GA: This positioning is indeed a strength. What challenges does this approach pose, and how are you addressing them?
WS: We continue to launch beautiful watches consistently, between five and eight each year, keeping the company in constant motion. That’s what a collector would expect from us. And that keeps us on our heels because it means the whole company never stands still.
GA: What are your long-term goals for solidifying A. Lange & Söhne’s position in the luxury watch market?
WS: You have to stay true to yourself and to change permanently. We won’t change how we develop, design, and produce our watches, but we’re open to adapting our communication, distribution, and other aspects to protect the essence of who we are, a Saxon watchmaker from Glashütte.
GA: A holistic approach to sustainability is commendable. Could you share your efforts in this regard?
WS: We’ve taken steps to reduce our environmental impact, such as utilizing geothermal energy for heating and cooling at our new manufactory, significantly reducing our carbon footprint. We have our own watchmaker school, we give prosperity and a future to that little village here. That’s what we aim for.
GA: Your approach, considering economic, social, and environmental aspects, is impressive.
WS: We have our school, about 600 plus people work at the factory, it gives work to the whole environment, it gives well to a lot of people that supply us with parts here. That’s where we feel at ease.
GA: Could you provide some key performance metrics or business performance figures to illustrate the direction A. Lange & Söhne is headed?
WS: On the one hand, we want to stay true to ourselves, on the other hand, we have to change permanently. I don’t think we have a change in strategy, we may see a change in execution. What we did recently, and while we are still enforcing, is to stay very close to our clients. And how can you stay close to your clients if you have a middleman in between? So that’s why we changed from a more wholesale-driven network to a distribution network that predominantly works within telematics. So today, we know exactly who is buying our watches. We know exactly what he or she wants from us and expects from us. They know exactly how to approach us, and that’s as important. We are as open to them as they are open to us. That’s the strategy that we have started and that we are still in the process of further developing.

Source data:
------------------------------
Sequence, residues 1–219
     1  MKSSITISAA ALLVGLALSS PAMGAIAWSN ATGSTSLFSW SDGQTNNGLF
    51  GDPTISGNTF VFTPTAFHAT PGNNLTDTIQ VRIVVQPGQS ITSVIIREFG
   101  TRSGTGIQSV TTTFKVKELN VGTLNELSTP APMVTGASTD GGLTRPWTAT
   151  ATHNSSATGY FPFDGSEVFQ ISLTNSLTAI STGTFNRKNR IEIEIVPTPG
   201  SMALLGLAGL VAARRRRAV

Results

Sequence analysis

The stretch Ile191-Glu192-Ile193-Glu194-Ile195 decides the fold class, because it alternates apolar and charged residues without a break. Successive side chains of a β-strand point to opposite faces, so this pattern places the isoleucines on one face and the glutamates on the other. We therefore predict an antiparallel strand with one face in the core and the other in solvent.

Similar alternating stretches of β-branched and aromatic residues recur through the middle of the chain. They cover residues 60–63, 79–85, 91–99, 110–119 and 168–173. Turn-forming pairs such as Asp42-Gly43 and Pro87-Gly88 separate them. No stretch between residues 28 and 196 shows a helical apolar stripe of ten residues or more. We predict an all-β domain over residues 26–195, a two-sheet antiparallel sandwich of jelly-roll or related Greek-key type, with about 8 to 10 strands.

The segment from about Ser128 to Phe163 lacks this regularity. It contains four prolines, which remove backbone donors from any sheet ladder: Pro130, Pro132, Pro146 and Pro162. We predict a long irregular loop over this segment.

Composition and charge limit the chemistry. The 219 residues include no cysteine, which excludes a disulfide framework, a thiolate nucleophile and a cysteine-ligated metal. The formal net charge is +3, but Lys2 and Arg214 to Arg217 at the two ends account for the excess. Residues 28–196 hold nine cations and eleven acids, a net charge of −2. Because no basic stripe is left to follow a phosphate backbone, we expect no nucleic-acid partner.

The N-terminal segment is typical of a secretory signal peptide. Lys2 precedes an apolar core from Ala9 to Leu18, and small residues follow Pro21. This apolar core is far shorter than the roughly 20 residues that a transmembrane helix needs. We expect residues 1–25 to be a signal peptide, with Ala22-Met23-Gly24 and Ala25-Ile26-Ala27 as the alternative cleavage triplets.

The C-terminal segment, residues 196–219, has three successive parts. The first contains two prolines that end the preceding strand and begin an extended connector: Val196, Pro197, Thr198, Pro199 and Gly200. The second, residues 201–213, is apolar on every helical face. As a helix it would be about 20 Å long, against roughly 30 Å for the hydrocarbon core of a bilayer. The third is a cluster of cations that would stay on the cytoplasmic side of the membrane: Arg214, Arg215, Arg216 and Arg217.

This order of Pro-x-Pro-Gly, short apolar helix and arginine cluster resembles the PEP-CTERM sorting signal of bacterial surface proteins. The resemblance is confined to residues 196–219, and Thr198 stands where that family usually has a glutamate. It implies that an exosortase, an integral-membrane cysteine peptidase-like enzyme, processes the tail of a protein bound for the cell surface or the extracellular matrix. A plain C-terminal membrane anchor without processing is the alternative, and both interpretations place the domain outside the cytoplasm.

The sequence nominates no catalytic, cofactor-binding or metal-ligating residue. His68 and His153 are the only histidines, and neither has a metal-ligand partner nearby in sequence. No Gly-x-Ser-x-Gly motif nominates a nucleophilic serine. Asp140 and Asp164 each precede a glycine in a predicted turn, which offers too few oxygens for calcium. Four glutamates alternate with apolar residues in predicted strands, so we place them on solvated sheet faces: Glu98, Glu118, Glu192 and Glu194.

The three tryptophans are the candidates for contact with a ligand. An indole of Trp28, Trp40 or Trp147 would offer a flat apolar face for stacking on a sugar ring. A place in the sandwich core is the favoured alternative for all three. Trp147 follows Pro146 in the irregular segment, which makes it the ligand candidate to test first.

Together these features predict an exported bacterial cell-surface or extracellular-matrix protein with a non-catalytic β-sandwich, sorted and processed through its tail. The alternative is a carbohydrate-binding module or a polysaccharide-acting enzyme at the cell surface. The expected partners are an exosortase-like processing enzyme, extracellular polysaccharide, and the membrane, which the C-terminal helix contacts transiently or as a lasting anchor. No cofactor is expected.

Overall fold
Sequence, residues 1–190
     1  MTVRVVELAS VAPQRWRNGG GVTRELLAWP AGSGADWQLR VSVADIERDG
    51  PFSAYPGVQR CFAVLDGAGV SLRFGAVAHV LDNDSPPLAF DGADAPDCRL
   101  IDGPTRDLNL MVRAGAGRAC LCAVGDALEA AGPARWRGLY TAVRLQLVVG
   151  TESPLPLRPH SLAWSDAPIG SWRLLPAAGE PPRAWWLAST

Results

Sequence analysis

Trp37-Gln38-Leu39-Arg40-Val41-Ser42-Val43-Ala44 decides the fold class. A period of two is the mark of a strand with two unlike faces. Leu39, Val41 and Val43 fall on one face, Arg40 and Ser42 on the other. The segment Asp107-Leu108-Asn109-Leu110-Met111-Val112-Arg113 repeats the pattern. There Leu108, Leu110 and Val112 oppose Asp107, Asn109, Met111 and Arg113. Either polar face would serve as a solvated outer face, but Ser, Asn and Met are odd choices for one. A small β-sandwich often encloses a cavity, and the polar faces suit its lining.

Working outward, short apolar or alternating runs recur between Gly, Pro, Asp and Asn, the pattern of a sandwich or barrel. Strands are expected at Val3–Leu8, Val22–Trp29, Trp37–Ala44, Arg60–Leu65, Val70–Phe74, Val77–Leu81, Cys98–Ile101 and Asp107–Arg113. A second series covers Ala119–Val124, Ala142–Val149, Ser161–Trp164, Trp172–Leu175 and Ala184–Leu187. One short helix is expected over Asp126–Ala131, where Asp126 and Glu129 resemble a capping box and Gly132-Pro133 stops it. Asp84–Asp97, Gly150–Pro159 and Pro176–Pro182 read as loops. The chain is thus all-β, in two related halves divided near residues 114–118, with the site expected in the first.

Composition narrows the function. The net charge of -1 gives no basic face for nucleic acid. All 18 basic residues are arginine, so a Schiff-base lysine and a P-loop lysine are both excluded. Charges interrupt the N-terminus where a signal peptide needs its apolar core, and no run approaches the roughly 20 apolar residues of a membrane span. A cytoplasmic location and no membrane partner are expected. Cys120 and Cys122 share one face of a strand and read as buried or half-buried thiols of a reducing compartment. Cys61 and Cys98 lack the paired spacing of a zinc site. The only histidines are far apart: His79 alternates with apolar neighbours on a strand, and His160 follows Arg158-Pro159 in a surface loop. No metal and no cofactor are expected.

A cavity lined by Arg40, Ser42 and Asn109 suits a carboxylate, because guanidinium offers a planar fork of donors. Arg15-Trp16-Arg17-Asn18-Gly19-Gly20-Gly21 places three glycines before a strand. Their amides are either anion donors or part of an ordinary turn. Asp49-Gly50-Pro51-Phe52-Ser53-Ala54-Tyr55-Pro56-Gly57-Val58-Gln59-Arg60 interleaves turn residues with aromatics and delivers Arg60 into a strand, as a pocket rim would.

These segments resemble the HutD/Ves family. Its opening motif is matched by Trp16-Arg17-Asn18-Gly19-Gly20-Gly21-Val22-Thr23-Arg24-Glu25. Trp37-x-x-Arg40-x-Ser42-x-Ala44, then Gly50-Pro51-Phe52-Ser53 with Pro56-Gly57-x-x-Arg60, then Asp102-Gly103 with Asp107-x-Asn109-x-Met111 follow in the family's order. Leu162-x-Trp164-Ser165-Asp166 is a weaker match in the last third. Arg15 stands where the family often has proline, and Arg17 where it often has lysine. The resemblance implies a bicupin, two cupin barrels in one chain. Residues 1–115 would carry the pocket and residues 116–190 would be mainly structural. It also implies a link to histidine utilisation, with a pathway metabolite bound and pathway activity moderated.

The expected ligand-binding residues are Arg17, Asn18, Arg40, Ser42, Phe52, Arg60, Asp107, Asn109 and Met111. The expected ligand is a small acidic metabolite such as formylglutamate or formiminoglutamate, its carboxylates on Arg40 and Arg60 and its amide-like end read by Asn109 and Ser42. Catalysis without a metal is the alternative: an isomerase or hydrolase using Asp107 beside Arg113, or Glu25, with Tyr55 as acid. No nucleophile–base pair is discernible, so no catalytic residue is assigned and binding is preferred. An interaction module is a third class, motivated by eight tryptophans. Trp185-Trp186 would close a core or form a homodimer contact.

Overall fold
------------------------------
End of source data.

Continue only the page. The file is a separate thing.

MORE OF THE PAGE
GA: To conclude, could you provide some historical context about the rebirth of A. Lange & Söhne in the ’90s and the vision that drove the founders?
WS: I think it always takes two names, if you talk about that period of the history of our company: Mr. Walter Lange and Mr. Günter Blümlein. And I always refer to them as the heart and the brain. Mr. Lange was to bridge into the history of A. Lange & Söhne as he was a legitimate successor of Ferdinand Adolph Lange, a living person knowing how Glashütte looked before the war and before the war closed the door for us. And Mr Blümlein was a genius, a lot of things like the Lange 1, the double assembly, the three-quarter plate, the celebrations on the 24th of October, the celebrations on the 7th of December, these are all things that Mr. Blümlein and Mr. Lange developed. It was a great time to do it, a window of opportunities that were taken by two great men and pursued against all the odds. And I always say without that watch, without the Lange 1, we probably wouldn’t sit here. Next year, it will be the 30th anniversary (of the Lange 1), it is still our best seller. It does extremely well in the secondary market even if that’s probably the watch that we have produced the most in the last 30 years. Walter Lange wanted to give work to Glashütte and we were never sure, with him, what was more important: A. Lange & Söhne or Glashütte? I think he never distinguished, for him Glashütte was A. Lange & Söhne and A. Lange & Söhne was Glashütte. What was good for us was good for the city. And that was his main emphasis and rightfully so, today every building looks nice, we have great competitors around us all in this segment we work together on. Glashütte is a landmark for quality, the streets are good, you see a lot of young people and we just welcomed 21 new people this August at our watchmaker school. I think that’s important, is vibrant, you know, there’s prosperity, there’s future, there’s hope. You can make a nice living out of what you can do here. That’s what we’re here for. And that was the main force for Mr. Lange.
GA: The legacy and vision of these founders have undoubtedly shaped A. Lange & Söhne into the respected brand it is today, fostering the spirit of Glashütte and exquisite watchmaking. It’s been a pleasure discussing your brand’s journey and philosophy with you.